I sat around glistening trees that Christmas with warm drinks and giggling babies—other people’s babies. Almost a year of trying to conceive had left me feeling empty; each cycle passed with no news that a little one would soon be joining our family. On Christmas Day I held more babies and let one or two tears fall as I sang “Satisfied in You” by the Sing Team. And I was, I was satisfied in Him. I knew God is good and that He is sovereign, and the next day my cycle started again.
Grace was abounding to me as I kept my hands open to Him in this area. Christmas Day had left me renewed in my worship of Christ as my sovereign and good God. January came and with it the news that I had so long hoped to hear: I was pregnant!
As much as I attempted to rein it in, I am a Hallmark-Christmas-movie, twinkling-lights, cookies-and-tea kind of Christmas girl. One of my first thoughts after calculating my baby’s due date was that next Christmas, I would be holding a little bundle of joy in my arms while celebrating the birth of my redeeming Savior.
Fast-forward to the next Christmas season. As you can see, my expectations were far from low! Yet, in the season I anticipated celebrating with so much joy and praise, I somehow often found myself frustrated and sad.
You see, my Paul Tripp Advent devotional was not read every day as planned, and the tree was not always watered which, living in the desert, left it more brown than green. The lights were not hung, nor were the handmade ornaments finished. Everything sat in big dusty boxes in the corner of each room, which gave the house more of an “abandoned warehouse” feel than a “magical winter wonderland” one. To top it all off, my postpartum body refused to be stuffed into any of my favorite Christmas sweaters.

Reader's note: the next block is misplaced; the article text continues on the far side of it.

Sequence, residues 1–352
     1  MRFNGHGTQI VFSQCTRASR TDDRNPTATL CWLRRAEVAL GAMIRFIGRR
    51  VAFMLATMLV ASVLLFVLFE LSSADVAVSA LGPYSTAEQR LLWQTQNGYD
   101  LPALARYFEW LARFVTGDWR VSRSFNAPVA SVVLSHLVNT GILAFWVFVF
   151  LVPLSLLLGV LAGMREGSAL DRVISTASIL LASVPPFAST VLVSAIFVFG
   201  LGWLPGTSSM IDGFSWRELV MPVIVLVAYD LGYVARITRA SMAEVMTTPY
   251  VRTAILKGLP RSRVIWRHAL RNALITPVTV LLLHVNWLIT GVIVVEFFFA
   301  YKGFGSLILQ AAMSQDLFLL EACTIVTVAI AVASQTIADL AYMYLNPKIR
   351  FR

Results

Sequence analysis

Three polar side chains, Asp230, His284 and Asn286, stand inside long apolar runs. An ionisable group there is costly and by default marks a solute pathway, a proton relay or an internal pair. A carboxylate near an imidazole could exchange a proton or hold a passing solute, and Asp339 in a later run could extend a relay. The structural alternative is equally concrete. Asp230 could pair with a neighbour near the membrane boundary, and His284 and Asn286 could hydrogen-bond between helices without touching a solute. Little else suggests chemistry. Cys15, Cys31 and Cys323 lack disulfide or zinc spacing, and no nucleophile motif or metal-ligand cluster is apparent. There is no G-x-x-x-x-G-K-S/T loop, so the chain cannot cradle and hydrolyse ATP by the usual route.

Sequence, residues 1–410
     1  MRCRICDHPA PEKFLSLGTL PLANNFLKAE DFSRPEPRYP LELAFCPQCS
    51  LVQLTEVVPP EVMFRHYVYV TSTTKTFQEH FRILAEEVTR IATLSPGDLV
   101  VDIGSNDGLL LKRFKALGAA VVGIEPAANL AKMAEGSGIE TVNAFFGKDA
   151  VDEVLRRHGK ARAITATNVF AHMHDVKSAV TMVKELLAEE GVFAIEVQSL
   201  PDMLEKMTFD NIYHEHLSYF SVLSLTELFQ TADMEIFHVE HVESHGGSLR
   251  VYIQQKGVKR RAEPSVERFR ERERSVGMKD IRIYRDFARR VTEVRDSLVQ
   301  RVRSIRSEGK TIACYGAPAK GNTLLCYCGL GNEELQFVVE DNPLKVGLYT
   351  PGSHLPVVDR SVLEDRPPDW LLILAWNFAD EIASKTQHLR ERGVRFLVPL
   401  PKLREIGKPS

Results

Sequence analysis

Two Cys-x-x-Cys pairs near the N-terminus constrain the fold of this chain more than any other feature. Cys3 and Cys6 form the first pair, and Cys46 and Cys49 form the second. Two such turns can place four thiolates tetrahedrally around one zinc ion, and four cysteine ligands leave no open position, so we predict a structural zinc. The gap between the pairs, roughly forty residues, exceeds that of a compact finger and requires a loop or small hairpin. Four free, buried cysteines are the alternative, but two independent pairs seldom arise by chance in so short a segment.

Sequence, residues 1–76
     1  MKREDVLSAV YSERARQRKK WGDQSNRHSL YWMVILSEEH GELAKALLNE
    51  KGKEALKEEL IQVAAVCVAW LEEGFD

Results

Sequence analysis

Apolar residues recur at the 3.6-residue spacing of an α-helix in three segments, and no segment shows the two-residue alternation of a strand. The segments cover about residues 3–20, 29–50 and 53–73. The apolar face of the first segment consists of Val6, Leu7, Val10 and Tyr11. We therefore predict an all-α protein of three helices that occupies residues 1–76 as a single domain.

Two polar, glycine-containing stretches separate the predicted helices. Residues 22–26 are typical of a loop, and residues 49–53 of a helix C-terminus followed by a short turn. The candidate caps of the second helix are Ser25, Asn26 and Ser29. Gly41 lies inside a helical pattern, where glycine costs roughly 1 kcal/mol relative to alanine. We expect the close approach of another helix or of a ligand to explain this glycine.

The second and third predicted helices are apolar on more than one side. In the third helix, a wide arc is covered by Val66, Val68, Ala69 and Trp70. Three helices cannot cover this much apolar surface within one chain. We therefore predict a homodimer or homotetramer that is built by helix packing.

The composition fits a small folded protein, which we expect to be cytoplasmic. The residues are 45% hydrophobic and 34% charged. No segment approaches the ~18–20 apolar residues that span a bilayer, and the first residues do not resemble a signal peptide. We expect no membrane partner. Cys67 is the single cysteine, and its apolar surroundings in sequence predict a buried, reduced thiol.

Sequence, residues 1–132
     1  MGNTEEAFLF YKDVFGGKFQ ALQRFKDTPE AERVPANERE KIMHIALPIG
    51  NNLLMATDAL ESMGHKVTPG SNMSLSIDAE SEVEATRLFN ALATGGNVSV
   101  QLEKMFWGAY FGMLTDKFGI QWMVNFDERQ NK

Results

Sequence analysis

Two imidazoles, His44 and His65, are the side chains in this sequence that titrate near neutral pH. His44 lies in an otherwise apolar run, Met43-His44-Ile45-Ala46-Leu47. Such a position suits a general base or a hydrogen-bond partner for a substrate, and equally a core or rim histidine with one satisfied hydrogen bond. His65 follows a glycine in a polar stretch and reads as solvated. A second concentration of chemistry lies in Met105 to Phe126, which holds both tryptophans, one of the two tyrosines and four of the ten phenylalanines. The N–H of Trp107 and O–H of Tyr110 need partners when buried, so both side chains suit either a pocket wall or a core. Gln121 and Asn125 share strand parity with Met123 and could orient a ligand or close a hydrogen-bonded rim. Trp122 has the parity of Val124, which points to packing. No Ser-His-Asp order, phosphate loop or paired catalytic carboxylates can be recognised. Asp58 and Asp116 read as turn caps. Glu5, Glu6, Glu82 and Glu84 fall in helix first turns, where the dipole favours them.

I had been determined that our first Christmas home with a precious new daughter was going to be filled to the brim with all the coziest traditions. As each day slipped past, I felt more behind and more depressed I was missing this wonderful opportunity to celebrate Christmas.
A solution to the problem
Of course, I had a solution to this predicament. I would take another trip to the craft store. Because buying more crafts—while looking at other unfinished ones—had to help this lack-of-jolly predicament I found myself in.
Then I saw her. A mom with three little girls, all dressed in Christmas attire, loading her minivan with their purchases. The middle girl made the mistake of dropping something, presumably breakable, which sent her mother into a fury. As I hustled past, I felt self-righteous shock. Couldn’t this mother see that under the guise of celebrating the holidays with her daughters, she was actually making everyone miserable?
That’s when the gentle nudge of the Holy Spirit showed me that my heart was not far from this mother in the craft store parking lot. And who was it far from? The Savior I was supposedly worshiping with all this holiday worry.
Worship through celebration
Celebrating well is an act of worship. Psalm 104:19 tells us that “He made the moon to mark the seasons; the sun knows its time for setting.” This rhythm of marking seasons and celebrating special times in those seasons is a good thing. We, as finite humans, are so prone to forgetfulness. We forget the Lord’s faithfulness in our lives, and the coming and going of seasons can remind us to pause and reflect on Him.